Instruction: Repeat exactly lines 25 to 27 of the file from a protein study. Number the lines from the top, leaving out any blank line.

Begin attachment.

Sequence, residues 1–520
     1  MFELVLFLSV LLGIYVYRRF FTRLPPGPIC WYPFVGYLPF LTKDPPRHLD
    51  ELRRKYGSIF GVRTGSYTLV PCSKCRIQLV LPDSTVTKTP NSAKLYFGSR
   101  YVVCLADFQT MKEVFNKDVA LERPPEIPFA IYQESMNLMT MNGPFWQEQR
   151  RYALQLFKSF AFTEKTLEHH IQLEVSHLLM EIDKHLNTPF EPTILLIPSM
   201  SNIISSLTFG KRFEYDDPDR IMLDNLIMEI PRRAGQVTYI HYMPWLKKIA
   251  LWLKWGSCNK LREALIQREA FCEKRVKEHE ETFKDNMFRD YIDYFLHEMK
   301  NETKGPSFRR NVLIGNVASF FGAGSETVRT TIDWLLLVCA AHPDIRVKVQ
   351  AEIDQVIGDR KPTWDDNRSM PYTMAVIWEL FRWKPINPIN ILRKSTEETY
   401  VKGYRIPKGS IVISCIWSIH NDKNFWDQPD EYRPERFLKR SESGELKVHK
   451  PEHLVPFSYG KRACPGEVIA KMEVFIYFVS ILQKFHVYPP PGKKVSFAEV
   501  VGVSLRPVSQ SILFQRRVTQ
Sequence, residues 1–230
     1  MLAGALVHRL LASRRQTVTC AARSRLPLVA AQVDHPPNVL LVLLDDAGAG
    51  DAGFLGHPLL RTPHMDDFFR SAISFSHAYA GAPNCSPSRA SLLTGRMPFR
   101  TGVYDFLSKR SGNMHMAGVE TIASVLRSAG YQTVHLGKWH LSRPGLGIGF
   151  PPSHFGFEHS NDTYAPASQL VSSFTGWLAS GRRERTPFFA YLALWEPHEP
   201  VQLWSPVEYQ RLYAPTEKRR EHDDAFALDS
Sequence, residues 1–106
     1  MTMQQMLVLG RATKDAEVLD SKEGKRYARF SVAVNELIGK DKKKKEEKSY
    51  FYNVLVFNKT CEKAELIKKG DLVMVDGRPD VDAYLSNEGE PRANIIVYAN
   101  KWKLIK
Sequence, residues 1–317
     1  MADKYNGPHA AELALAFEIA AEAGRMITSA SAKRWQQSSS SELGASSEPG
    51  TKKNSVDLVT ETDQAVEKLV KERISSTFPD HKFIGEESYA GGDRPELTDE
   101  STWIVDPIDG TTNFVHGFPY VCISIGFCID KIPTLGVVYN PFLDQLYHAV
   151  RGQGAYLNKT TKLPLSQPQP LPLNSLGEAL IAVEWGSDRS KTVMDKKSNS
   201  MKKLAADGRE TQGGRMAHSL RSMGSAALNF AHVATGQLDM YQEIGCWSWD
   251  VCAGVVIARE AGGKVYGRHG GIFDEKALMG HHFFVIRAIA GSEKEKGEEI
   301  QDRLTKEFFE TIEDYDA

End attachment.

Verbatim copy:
    51  TKKNSVDLVT ETDQAVEKLV KERISSTFPD HKFIGEESYA GGDRPELTDE
   101  STWIVDPIDG TTNFVHGFPY VCISIGFCID KIPTLGVVYN PFLDQLYHAV
   151  RGQGAYLNKT TKLPLSQPQP LPLNSLGEAL IAVEWGSDRS KTVMDKKSNS